You May Like

Republican Majority in Congress Off to Rough Start

Standoff over Homeland Security funding exposes philosophical, tactical problems within party More

Pakistan Blocks Baloch Activist from US Trip

Human Rights Commission of Pakistan slams Islamabad officials for stopping people from leaving country to attend human rights conference More

Video Muslims Long Thrived in North Carolina Before Students Killed

Idyll shattered February 10, when three Muslim university students living in Chapel Hill were gunned down by a neighbor More

This forum has been closed.
Comments
     
There are no comments in this forum. Be first and add one

Featured Videos

Your JavaScript is turned off or you have an old version of Adobe's Flash Player. Get the latest Flash player.
Sierra Leone Ebola Orphans Face Another Crisisi
X
March 06, 2015 12:28 AM
There's growing concern about the future of an orphanage run by a British charity in Sierra Leone, after a staff member and his wife died this week from Ebola. The Saint George Foundation Orphanage in Freetown is now in quarantine, with more than 20 children and seven staff in lock-down. The BBC has agreed to share Ebola-related material with Voice of America because of the difficulties faced by media organizations reporting the crisis. Clive Myrie reports from Sierra Leone.
Video

Video Sierra Leone Ebola Orphans Face Another Crisis

There's growing concern about the future of an orphanage run by a British charity in Sierra Leone, after a staff member and his wife died this week from Ebola. The Saint George Foundation Orphanage in Freetown is now in quarantine, with more than 20 children and seven staff in lock-down. The BBC has agreed to share Ebola-related material with Voice of America because of the difficulties faced by media organizations reporting the crisis. Clive Myrie reports from Sierra Leone.
Video

Video Growing Concerns Over Whether Myanmar’s Next Elections Will Be Fair

Myanmar has scheduled national elections for November that are also expected to include a landmark referendum on the country's constitution. But there are growing concerns over whether the government is taking the necessary steps to prepare for a free and fair vote. VOA Correspondent Steve Herman was recently in Myanmar and files this report from our Southeast Asia bureau in Bangkok.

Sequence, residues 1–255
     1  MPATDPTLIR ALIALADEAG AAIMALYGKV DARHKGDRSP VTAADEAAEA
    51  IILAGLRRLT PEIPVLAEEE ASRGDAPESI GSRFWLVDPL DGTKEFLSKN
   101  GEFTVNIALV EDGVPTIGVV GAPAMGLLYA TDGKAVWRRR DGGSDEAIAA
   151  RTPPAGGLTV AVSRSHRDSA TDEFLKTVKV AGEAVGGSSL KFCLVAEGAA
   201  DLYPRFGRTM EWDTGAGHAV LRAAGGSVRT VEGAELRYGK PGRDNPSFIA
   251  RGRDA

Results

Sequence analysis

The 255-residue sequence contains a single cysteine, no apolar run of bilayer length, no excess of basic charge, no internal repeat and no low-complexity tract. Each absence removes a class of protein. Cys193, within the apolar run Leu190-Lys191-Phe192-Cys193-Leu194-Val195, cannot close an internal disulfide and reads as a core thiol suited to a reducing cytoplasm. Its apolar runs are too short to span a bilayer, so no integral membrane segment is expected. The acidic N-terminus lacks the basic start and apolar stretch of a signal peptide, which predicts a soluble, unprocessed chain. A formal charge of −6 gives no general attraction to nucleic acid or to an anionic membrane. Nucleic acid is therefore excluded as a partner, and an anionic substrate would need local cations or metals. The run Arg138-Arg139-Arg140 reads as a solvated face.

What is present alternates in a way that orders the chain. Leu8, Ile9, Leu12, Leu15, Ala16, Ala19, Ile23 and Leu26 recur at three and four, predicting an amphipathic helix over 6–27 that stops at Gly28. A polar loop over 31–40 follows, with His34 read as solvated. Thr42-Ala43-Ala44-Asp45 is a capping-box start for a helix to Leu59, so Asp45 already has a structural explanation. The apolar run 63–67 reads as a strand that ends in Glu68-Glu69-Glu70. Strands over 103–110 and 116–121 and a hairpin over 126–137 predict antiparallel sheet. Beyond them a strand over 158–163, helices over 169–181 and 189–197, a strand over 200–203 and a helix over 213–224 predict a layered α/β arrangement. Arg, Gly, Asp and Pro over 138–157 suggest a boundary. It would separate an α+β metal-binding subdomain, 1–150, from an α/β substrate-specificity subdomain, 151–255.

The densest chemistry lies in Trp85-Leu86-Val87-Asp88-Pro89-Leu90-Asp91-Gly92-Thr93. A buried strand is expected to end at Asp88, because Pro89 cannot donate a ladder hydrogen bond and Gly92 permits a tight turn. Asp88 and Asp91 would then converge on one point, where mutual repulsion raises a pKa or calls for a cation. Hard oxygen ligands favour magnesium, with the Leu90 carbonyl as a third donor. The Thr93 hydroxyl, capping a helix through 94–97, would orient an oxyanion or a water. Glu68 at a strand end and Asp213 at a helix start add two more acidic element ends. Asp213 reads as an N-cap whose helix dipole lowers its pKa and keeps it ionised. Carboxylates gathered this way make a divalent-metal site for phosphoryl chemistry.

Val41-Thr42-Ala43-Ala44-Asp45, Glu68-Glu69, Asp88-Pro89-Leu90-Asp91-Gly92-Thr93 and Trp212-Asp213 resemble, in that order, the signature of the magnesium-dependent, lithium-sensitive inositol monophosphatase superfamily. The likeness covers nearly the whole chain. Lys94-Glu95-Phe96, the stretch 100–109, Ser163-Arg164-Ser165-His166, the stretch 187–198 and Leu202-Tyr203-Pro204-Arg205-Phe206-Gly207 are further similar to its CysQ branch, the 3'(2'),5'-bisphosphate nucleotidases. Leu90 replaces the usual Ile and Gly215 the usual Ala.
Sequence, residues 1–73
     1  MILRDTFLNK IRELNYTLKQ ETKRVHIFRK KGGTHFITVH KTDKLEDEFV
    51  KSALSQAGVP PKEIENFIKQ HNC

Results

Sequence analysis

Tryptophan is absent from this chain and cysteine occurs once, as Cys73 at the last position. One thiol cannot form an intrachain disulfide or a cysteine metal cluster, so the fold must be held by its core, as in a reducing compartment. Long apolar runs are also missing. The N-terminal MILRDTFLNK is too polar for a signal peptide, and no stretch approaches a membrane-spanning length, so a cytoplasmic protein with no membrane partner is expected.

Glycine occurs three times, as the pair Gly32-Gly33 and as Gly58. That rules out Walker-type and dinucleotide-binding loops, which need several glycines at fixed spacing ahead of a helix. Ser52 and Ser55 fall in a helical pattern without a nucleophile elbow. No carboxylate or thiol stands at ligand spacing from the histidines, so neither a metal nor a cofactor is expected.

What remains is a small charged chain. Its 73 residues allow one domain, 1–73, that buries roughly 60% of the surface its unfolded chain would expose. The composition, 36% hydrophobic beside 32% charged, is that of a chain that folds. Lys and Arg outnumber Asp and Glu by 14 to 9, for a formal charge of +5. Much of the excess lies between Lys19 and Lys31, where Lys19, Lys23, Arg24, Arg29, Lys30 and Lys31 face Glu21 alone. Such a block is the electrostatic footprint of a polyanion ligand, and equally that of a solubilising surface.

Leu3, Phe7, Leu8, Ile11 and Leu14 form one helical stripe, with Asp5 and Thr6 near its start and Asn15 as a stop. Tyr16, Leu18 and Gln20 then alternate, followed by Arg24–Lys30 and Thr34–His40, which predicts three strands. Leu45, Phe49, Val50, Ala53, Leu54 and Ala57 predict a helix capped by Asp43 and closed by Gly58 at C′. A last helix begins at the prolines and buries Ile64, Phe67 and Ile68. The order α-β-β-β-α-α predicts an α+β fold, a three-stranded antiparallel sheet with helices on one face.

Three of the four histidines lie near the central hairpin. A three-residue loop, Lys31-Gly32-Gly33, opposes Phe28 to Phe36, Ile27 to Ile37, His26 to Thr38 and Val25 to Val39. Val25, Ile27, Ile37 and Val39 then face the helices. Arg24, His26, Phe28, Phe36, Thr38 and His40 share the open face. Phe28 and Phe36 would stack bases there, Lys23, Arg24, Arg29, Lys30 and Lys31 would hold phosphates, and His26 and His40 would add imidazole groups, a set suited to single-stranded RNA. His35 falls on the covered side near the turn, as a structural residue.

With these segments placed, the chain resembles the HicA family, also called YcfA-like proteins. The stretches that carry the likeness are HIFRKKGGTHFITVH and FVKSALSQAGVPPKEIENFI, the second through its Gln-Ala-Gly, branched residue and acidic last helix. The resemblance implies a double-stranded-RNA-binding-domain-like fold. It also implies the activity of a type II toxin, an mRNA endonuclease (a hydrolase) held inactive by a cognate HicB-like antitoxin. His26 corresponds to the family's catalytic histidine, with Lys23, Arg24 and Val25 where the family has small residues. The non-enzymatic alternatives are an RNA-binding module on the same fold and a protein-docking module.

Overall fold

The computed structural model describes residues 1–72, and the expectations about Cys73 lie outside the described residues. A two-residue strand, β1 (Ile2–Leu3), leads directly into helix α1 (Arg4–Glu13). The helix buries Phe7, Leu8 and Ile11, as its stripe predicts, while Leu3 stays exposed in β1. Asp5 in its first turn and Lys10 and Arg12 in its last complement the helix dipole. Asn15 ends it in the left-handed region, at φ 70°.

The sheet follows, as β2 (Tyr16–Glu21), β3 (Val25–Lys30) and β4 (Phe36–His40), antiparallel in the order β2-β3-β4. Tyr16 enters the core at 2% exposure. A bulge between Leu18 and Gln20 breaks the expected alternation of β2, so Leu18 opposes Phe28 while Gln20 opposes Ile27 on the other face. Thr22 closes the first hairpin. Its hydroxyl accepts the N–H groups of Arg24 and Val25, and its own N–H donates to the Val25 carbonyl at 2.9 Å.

Video

Video Nigeria’s Ogonis Divided Over Resuming Oil Production

More than two decades ago, Nigeria’s Ogoni people forced Shell oil company to cease drilling on their land, saying it was polluting the environment. Now, some Ogonis say it’s time for the oil to flow once again. Chris Stein reports from Kegbara Dere, Nigeria.
Video

Video Winter Weather Strikes Eastern US...Again!

A new wintry blast has hit more than 20 states in the U.S. Midwest and Mid-Atlantic region, adding more snow to the piles from previous storms. Tired of shoveling snow, breaking the ice and dealing with accidents, flight delays and property damage, most Americans hope this is the last bout of cold for the season. Zlatica Hoke reports.
Video

Video Muslims Long Thrived in N Carolina Before Slaying of 3 Students

The killings of three Muslim students in North Carolina early last month came as Muslims across the United States have felt under siege, partly as a result of terrorist attacks being committed internationally in the name of their faith. But Muslims have long thrived in university cities in this part of the American South. VOA's Jerome Socolovsky reports.